Successful imperialism came late to Euro-Mediterranean Christendom cum Western Civilisation. From the C7th to the C16th, it mostly lost ground to a civilisation genuinely structured, from its origins, for imperialism, Islam. But, if one is committed to the Lenin error of imperialism as an economic-class phenomenon, then the imperialism of Islam vanishes from sight, as it is based on religion; particularly Sharia (from its origins, and in its nature, an imperial legal system), marriage laws and the consequences of polygyny in generating predatory males with no local wife prospects whose external aggression was then sanctified (including expropriating infidel women). Hence Islam, which was born in imperialism, aggressing against every culture and civilisation it came up against in its first millennia: something it never rejected, it just came up against European states who had (after a millennia) evolved into better predators. Mainstream Islam is a religion of dominance: which is the source of all the difficulties Islam is currently generating. 

The Fanon Fallacy
The Fanon fallacy comes from Frantz Fanon's (1925-1961) writings, particularly his The Wretched of the Earth (1961): some apposite quotes are here. The Fanon Fallacy is to mistake rhetorical justification for something's underlying nature. In particular, to see imperialism as a "white" phenomenon.

First, race is not a causal actor. It does not even bundle causal units together in a useful way. Plenty of Europeans were the victims of imperialism by European states (the Irish, Highland Scots, Welsh, Bretons, Basques, Catalans, Corsicans, Slovenes, Slovaks, Czechs, Croats, Estonians, Lithuanians, Latvians, Finns, Poles, Ukrainians ...).  Hardly surprising, as imperialism is what states do, not races.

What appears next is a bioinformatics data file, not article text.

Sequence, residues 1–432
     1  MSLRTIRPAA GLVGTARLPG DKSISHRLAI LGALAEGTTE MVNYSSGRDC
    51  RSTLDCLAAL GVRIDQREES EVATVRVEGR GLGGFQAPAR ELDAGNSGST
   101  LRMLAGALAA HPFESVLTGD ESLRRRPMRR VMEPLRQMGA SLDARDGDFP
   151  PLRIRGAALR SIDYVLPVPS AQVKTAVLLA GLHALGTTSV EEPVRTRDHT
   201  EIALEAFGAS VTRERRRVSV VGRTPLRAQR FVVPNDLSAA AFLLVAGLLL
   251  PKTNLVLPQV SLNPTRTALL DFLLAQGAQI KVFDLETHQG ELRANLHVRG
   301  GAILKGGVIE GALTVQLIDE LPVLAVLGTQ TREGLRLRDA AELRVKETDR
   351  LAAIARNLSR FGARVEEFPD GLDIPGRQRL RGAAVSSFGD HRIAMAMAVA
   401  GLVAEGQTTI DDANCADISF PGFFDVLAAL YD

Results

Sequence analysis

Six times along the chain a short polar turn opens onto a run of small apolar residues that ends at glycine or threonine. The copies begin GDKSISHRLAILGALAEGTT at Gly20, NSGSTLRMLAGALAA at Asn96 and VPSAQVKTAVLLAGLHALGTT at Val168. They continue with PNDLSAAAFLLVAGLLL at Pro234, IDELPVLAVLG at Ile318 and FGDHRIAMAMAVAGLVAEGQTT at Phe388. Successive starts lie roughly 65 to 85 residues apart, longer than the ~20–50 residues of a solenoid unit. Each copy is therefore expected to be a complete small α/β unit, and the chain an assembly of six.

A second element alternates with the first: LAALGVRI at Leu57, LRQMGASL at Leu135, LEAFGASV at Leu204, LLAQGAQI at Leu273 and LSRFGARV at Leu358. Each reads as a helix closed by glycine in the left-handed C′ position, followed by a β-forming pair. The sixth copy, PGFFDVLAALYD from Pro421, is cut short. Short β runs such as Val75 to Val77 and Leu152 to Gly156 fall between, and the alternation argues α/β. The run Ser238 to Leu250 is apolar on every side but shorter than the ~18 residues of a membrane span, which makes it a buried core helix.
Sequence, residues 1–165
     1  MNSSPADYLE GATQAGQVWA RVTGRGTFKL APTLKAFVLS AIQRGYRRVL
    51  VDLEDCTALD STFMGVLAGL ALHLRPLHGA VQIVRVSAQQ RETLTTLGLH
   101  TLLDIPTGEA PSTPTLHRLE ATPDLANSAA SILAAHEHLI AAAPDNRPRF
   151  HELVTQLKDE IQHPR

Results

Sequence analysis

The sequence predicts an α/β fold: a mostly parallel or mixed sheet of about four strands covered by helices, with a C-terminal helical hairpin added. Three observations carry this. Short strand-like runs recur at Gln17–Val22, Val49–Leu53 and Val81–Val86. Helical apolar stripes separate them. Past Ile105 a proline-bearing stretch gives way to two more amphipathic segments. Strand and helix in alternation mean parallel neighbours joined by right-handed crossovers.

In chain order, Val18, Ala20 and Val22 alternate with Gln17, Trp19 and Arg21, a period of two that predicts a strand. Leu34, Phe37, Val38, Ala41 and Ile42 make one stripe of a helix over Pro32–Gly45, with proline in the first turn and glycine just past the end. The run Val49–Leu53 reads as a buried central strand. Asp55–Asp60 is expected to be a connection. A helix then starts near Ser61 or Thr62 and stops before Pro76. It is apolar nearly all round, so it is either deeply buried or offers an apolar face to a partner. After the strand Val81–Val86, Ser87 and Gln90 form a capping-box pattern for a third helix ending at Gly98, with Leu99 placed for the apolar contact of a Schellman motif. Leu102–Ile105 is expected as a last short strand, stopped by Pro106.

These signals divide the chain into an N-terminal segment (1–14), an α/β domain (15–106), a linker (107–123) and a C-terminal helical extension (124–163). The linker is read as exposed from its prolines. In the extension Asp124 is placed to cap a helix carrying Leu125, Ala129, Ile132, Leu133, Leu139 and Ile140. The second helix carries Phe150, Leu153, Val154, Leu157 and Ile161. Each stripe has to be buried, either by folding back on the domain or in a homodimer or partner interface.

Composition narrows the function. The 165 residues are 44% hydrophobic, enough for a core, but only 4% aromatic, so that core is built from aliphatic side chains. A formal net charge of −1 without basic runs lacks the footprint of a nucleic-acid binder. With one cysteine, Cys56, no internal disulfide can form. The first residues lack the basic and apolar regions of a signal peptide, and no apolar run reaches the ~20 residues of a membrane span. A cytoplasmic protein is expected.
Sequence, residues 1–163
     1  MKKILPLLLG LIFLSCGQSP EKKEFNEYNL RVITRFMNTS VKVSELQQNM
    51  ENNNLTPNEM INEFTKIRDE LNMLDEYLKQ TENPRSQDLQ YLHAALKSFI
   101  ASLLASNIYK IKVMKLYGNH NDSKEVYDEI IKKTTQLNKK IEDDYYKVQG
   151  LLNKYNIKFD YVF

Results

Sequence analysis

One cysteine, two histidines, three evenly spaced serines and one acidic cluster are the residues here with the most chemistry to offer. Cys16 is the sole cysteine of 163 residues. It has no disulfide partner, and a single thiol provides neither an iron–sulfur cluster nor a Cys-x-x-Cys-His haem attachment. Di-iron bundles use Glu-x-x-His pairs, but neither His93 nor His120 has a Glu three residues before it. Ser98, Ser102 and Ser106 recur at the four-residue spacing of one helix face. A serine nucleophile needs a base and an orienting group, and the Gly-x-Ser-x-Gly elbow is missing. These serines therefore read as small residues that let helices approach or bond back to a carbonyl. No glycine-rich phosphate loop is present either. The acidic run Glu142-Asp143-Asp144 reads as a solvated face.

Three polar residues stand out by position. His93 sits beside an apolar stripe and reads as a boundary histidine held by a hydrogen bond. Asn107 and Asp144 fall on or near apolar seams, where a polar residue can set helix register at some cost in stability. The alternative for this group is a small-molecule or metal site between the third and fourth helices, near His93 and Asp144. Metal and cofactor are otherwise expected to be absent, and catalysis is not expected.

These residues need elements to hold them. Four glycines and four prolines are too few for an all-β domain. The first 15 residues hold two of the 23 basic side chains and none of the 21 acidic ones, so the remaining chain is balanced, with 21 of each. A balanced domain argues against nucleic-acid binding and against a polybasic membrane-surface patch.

Indeed, the Dynasts' War (1914-1918) was not sparked by extra-European imperialism, it was sparked by intra-European imperialism.

I call it the Dynasts' War because it was sparked by dynastic regimes under pressure from social changes, regimes that attempted to harness mass sentiment to preserve their regimes and ended up being swallowed by those sentiments: having mobilised mass sentiment requiring vindication-by-victory, they were then trapped by those same sentiments, so forced to continue the war to the bitter end (of their regimes). I dislike the term World War because the War of the Austrian Succession (1740-1748) and the Seven Years War (1756-1763) were at least as global as the 1914-1918 conflict.

It is true that racial arguments came to be used (mostly after the fact of conquest) to explain and justify European and neo-European imperialism. But justificatory rhetoric says something about audience for the rhetoric and the purposes of those using the rhetoric, it does not explain the underlying thing. Moreover, it is normal for imperialisms to have a central group who are mobilised to support the imperial project by status, career, resources and rhetoric.

In particular, it is normal for imperial state societies to generate justificatory rhetoric which exults the imperial culture and denigrates external or peripheral cultures. Chinese intellectuals, for example, did so for millennia; something that James C. Scott discusses in his wonderful The Art of Not Being Governed: An Anarchist History of Upland Southeast Asia.

The Fanon Fallacy takes the (largely ex-post) imperial rationalisation and sees it as structurally central: it functionally accepts (though morally reversing) the racial framing of later European imperialism and mistakes it for the underlying causal reality.